I decided to go on Comcast's site again and look up their list of "approved" modems. I'd read on their forums that some people had to trade in their old modems for new ones in order to receive last summer's speed upgrade. My Toshiba modem (which is 4 years old) was listed as approved, but not for new installs. It recommended NOT purchasing it new, but if it was already on the network, it could stay. That made me think that it should be just fine. But, I'm a speed hog, and my mom's Linksys cable modem was listed as approved with no special notations. I decided to take the $50 gift card to Office Depot that was burning a hole in my pocket and go get a new cable modem.
I bought the same Linksys one my mom has, and went home and hooked it up. After spending a good hour on the phone with Comcast's tech support trying to give them the new MAC addresses (of my new cable modem, and of my old router, which they should have already had), I got the new cable modem working. That too was a fiasco, and I ended up having to connect my laptop directly to the cable modem to get it working on the phone with the guy (Comcast doesn't support home networks unless you buy everything from them), so they had the MAC of my laptop registered as the live machine. Thank goodness for MAC address cloning. Once I got off the phone with the cable guy and set that up on my router, I was good to go.
Network, up! Speed, blazing!
So what was wrong with my old modem? My theory is that since my old modem was so old and only supported the DOCSIS specification version 1.0 (whereas this new modem supports 1.0, 1.1, and 2.0), the upgrade that people were talking about on Comcast's forums must have made obsolete my cable modem. I don't think it was dying, because the connectivity problems fell right in line with this "maintenance" upgrade on Comcast's end. Too bad that Comcast doesn't communicate very well with its customers, and when they do, they fail to give any useful information. I may never know what the problem actually was.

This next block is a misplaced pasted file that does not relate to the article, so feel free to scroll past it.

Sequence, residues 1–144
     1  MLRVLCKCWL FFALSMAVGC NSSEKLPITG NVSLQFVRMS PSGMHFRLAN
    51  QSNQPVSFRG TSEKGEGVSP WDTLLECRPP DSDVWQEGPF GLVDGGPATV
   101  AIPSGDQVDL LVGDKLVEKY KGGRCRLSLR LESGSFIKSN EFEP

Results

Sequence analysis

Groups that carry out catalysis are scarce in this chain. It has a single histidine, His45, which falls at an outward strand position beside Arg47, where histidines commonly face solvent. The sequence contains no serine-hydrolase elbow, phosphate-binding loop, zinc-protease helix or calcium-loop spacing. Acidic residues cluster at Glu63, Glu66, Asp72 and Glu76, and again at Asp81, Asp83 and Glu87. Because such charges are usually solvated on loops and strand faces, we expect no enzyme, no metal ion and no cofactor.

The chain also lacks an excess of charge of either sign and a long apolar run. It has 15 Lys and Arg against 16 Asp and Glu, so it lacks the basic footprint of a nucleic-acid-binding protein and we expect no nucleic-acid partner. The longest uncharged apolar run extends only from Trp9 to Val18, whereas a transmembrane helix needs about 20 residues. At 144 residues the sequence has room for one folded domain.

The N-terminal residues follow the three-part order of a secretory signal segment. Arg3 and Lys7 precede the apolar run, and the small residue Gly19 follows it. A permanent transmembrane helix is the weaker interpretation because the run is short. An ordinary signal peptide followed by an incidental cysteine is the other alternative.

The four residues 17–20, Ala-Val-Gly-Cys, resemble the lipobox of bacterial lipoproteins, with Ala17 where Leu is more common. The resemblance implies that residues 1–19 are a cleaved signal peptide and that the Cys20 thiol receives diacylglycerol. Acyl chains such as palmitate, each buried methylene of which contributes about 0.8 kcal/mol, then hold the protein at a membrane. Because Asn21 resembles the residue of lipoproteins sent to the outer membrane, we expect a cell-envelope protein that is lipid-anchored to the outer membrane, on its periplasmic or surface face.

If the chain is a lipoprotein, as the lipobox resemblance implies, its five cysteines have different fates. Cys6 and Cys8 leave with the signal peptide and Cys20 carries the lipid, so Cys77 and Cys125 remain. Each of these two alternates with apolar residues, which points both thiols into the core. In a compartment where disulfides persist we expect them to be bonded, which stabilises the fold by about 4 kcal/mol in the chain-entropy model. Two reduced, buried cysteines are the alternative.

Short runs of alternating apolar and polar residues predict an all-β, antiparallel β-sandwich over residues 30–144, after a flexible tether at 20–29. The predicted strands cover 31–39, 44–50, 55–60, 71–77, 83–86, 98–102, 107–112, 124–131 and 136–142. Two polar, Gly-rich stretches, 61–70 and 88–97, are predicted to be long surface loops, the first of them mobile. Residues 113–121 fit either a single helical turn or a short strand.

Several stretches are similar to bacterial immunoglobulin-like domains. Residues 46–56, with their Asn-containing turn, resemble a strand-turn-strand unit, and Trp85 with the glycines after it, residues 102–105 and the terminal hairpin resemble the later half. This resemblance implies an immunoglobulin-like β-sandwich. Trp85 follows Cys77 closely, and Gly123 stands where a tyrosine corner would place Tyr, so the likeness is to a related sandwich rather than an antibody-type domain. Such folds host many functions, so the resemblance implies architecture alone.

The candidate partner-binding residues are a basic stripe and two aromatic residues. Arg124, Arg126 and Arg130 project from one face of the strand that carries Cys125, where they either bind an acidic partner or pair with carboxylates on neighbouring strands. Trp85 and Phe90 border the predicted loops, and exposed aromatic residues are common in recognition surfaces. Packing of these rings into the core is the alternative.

Anyhoooooo...... isn't this a poker blog? Sorry - I'm just so geeked out at the fact that I can actually get online, and that my speeds are just sick that I had to share. And maybe my story will help someone else someday who suffers the same problem.... bah. Comcast. If they weren't so damn fast I'd go someplace else.
So. Poker this weekend.
Friday night, Ray hosted an impromptu game at the Forest. 7 people gathered for a little NL hold'em tournament action, including Randy and I, Armando and Kathie (of the JackHammer games), Ed (of the Diamond games), Ray, and his friend Mike. I decided on that fine evening to have a few drinks, and coincidentally forgot to bring my note pad, so I have neither notes nor a good recollection of the night's events. To all attendees - feel free to post comments on the events of the evening!
If I recall properly, it came down to Kathie and Ed, and I believe Kathie won the thing. Good times, good times. Black Cherry Smirnoff Twisters are soooo yummy. Randy and I were knocked out early, and Randy went home when he was out since he had to work early on Saturday morning. I stayed and dealt. Mike graciously dealt from the time he was knocked out to when I was knocked out, and Ed was so kind as to deal until Mike went out. By process of elimination, I should be able to come up with some sort of placement here:
5. Armando ?
6. Mike ?
7. Randy ?
Something like that. Sorry guys - bad memory here :)
Saturday night, I went up to Trump, and ended up just missing Donkey Puncher. Next time, man! I ended up being seated at a new $3/6 game, intent on capitalizing on some of my mistakes of recent past. Unfortunately, the cards were not cooperating with me, and I did a lot of folding. I had 3 big hands: